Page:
• The death scream of Armagon in Scourge of Armagon. Ditto the dragon in Dissolution of Eternity.
    • The quad damage sound effect, which not only plays when you pick up the thing but also with every shot you fire when under it's effects.
  • Narm: While the Grunt enemy may look terrifying, his pain and death scream sounds like Trent Reznor himself doing ridiculous grunting noises on the microphone.
  • Polished Port: The Sega Saturn port doesn't use the original Quake engine, but Lobotomy Software's in-house Slavedriver engine, specially tailored to the Saturn. As such, its optimization allows it to be a lot closer to the PC original than other ports.
  • Porting Disaster: The N64 port. Many of the best levels were removed or simplified, and the multiplayer mode is limited to two players only.
  • "Seinfeld" Is Unfunny: This game codified a lot of tropes associated with the modern FPS, such as weapon jumping/climbing, Capture the Flag, 1v1 arena, dedicated servers, lag compensation, green/brown palette, etc. However, it rarely gets mentioned in many Best Game Ever lists along with its progeny. Quake III: Arena "steals" most of these honors instead.
  • Special Effects Failure: Depending on where Armagon stands when he explodes during the final cutscene in Scourge of Armagon, the player may walk through Armagon's legs when the scripted cutscene has the Ranger running for the portal.
  • That One Boss:
    • Armagon himself in Scourge of Armagon, which is not much more than a buffed Cyberdemon in terms of attacks. He has two fast-firing Rocket Launchers whose rockets not only hit as hard as yours, but are much faster, fired four at a time, and Armagon is surprisingly good at leading with them. He also carries two Laser Cannons that, while less threatening than the rockets, are tricky to dodge. And just in case you are trying to take cover right behind him, Armagon can unleash a shockwave that sends you flying (and very vulnerable to his rockets). He's no slouch in terms of health either, topping at over 4000 in Hard/Nightmare. You better hope he gets stuck on a wall because it will be a very difficult fight otherwise.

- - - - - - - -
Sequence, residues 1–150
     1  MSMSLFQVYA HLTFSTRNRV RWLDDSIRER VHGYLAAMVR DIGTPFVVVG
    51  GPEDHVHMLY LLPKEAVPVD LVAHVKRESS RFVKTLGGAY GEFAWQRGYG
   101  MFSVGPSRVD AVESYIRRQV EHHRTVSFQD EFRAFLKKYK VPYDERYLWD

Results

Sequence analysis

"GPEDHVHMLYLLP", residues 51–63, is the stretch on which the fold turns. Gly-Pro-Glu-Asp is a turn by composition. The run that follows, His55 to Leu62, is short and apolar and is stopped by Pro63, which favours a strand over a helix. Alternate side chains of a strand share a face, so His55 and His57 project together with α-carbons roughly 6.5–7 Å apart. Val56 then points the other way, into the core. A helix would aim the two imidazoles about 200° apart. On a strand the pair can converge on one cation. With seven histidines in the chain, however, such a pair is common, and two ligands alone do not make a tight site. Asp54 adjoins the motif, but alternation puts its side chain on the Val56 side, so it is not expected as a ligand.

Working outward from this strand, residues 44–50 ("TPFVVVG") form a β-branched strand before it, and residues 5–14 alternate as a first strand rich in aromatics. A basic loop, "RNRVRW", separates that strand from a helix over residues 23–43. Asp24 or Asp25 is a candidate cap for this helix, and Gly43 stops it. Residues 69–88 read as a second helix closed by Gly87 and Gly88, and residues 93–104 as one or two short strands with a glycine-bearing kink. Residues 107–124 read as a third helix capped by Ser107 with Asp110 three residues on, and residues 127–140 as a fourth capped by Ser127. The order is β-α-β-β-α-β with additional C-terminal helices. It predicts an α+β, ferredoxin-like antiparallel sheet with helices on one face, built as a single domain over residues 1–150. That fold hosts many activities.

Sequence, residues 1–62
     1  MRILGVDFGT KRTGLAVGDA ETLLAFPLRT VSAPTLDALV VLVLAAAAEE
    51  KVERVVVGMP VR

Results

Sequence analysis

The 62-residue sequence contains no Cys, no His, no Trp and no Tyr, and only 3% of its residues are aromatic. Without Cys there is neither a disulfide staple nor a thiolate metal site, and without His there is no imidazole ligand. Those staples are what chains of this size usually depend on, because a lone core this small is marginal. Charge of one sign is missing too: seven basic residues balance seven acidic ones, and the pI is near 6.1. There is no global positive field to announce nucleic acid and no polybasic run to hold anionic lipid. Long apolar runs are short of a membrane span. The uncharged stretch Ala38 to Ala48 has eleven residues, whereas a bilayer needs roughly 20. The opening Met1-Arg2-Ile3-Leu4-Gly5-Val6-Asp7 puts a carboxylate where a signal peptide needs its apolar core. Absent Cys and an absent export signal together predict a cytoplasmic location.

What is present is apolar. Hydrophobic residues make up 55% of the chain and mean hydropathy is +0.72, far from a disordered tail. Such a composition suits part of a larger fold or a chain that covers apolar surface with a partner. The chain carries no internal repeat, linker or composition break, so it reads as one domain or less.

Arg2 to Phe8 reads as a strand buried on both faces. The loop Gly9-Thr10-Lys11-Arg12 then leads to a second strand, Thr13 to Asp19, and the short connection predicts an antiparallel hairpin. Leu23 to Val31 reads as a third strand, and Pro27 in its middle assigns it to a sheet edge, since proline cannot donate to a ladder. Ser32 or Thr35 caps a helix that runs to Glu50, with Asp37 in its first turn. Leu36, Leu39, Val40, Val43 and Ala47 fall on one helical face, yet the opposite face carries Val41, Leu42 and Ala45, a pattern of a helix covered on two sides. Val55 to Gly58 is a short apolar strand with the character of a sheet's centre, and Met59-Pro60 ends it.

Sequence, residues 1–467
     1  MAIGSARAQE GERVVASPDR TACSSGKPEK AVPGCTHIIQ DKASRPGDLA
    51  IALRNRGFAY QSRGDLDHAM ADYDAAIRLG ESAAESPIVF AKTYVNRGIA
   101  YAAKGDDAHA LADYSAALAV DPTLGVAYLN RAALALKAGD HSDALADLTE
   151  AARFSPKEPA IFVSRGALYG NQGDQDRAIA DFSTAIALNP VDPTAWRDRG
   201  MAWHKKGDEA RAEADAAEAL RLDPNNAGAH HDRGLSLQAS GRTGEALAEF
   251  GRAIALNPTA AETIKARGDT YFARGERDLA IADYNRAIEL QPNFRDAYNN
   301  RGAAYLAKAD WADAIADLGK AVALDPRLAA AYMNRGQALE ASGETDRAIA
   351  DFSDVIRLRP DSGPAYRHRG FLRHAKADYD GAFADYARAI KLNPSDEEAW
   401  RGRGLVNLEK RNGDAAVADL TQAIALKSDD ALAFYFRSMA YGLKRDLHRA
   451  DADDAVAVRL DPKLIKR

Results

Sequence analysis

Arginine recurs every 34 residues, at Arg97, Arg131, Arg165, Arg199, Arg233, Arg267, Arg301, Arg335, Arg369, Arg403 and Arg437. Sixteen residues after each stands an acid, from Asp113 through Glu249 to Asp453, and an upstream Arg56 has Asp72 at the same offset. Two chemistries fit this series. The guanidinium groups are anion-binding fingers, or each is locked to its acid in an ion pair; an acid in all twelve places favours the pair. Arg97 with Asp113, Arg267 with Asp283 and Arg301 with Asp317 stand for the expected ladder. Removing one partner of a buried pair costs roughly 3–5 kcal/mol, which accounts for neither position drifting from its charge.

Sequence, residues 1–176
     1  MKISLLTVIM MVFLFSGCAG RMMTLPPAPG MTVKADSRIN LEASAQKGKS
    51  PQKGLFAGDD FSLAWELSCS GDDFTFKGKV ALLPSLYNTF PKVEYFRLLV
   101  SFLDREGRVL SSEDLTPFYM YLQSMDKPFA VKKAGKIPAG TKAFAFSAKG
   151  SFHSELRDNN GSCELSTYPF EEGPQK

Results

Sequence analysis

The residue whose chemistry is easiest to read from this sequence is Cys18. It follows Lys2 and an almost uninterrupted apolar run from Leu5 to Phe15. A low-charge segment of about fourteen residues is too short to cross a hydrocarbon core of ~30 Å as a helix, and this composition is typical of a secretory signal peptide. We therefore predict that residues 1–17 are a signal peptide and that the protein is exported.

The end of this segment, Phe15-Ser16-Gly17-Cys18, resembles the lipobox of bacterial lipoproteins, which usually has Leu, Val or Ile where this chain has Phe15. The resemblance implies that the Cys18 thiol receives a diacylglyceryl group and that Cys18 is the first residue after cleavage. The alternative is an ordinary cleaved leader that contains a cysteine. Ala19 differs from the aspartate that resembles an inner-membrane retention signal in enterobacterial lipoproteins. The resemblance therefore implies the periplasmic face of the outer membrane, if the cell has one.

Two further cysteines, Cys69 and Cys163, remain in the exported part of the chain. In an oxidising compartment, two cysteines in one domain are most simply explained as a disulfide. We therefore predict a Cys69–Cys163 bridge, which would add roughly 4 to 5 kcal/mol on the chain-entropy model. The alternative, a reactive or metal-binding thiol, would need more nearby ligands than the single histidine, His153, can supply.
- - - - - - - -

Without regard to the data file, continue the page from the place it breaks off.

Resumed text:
• The Dragon from Dissolution of Eternity is somewhat easier than Armagon in terms of having more cover and having the Multi Rocket Launcher, but it's otherwise still a difficult fight because the Dragon will not forgive a single mistake. The arena has several powerups, but they are not very convenient, and the Anti-Grav Belt in particular is a Powerup Letdown as it will compromise your ability to dodge the One-Hit Kill fireballs... and you may fall in the lava.
  • That One Level: Note that this section assumes play on Hard or Nightmare, as considered "canon" and proper in the Quake community.
    • The Crypt of Decay, the third level in Episode 2, is a rude awakening. The goal is to reach the top tier of a castle to reach the main exit or you can opt for the switch to open the secret portal barrier, either requires reaching the top level. The level has a fair number of Shamblers, traps that can wear down your heath, tight-quarter ambushes, and limited healing items. Better save your strength for the grand finale where a Shambler and friends throw a surprise party at the upper bridge of the castle where nailgun traps restrict your movement. Still a memorable level for beautifully showing the 3d capabilities of Quake engine. Not to mention the Easter Egg.